The Pimento Double Cheeseburger from Trifecta Tavern + Bakery, One of Portland's Best Burgers
Trifecta Tavern + Bakery
726 SE 6th Ave., Portland OR 97214 (map); 503-841-6675; trifectapdx.com
Cooking Method: Grilled
Short Order: Two grilled patties, Thousand Island, and pimento cheese = one of Portland's best burgers
Want Fries with That? The handcut fries are nicely salty but unevenly cooked and a touch too oily
Prices: 1/2-pound Pimento Double Cheeseburger, $15
Ken Forkish is no stranger to success. His bakery is one of most beloved and most popular in the city. Same goes for his pizzeria. Branching out wasn't necessary, but rather than rest on his laurels, he opened Trifecta Tavern + Bakery, a dimly lit tavern and bakery in Portland's budding Southeast Industrial District that serves, among such enticements as a "big-ass steak" and free freshly baked bread, a pimento double cheeseburger ($15) that knocked my socks off.
Like signing Aaron Rodgers for a five-year contract or scoring front-row seats to a Paul McCartney concert, greatness doesn't come cheap: you'll be dropping 15 bucks for this beauty. Where is all that money going? It starts with house-ground brisket and chuck, loosely packed into four-ounce patties, seasoned with salt and pepper, and cooked over a wood-fired grill until a smoky crust forms around a juicy, tender, medium-rare center. So many of the complaints I hear about grilled burgers—that they're overcooked, or too thick—simply do not apply here.
Then boom goes the dynamite: a dollop of housemade pimento cheese for each patty. Why more restaurants don't top their burgers with this salty, piquant, creamy greatness is beyond me. Trifecta's take on this classic Southern specialty uses a blend of one-year aged cheddar and aioli, subbing out the traditional pimentos for Calabrian chilies. The result delivers a sharp hit of casomorphins to the brain while pockets of heat from the chilies pop on your tongue, much like good Texan queso. Seriously, how can anyone go back to flavorless sheets of mild cheddar after this?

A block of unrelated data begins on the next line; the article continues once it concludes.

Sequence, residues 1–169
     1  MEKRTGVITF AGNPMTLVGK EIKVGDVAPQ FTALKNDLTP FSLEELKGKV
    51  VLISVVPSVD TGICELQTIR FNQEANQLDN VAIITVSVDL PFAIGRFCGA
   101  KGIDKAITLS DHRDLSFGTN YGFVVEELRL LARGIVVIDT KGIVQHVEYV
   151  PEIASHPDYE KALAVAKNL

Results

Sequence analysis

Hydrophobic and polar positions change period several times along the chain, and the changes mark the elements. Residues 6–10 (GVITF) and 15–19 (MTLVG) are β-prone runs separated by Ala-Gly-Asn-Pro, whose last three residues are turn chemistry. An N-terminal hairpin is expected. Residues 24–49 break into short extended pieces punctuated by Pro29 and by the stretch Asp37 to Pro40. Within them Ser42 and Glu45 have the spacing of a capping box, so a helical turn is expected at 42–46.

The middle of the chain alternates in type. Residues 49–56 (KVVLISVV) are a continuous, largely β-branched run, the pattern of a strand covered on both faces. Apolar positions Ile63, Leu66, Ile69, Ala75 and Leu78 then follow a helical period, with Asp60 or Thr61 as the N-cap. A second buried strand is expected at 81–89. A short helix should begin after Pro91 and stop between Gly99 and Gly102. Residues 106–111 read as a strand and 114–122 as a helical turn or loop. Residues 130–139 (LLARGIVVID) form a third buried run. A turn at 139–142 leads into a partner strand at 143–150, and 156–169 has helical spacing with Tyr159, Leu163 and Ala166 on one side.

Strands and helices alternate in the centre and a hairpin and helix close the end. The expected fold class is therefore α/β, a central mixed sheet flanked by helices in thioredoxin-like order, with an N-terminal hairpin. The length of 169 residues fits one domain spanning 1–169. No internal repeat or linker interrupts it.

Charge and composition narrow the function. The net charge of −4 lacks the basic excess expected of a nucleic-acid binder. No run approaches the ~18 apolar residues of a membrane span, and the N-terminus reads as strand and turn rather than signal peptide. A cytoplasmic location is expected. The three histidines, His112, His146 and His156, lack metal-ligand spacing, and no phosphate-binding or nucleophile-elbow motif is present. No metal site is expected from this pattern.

This is Ken Forkish we're talking about here, so of course the brioche buns are prepared in-house. Baked to a golden brown an hour before service, the thin blistered crust hides an airy, squishy interior perfect for absorbing juices without breaking down. The buns sit a spell on the grill for added crunch, then receive a smear of spicy Thousand Island dressing with chopped dill pickles. The pickles are important, because along with the chilies, they help balance the rich fats of the meat and cheese.
If you like salt (and if you have any interest at all in this meal, you had better), then you'll love the fries that accompany the burger. Hand-cut and fried to a deep bronze, they receive a liberal dusting of sea salt and come with ketchup or aioli, although neither is needed. The nature of hand-cut fries almost always means uneven cooking, so expect a few burnt ones and a few that could use a bit more time in the fryer. The vast majority elicited an appreciable crunch, though they were a tad on the oily side.
Trifecta's Pimento Double Cheeseburger seems a simple affair, but the chile-spiked cheese and the pickle-studded Thousand Island render all other toppings and condiments superfluous. You can grouse about the price, but I have no problem paying it. I also have no problem saying that this was the best burger I ate in 2013, and a tough one to beat for 2014.
About the author: Adam Lindsley is a Portland-based writer for Serious Eats and The Oregonian, and the author of the pizza blog, This Is Pizza. His New Year's resolution is to eat his weight in burgers before 2015.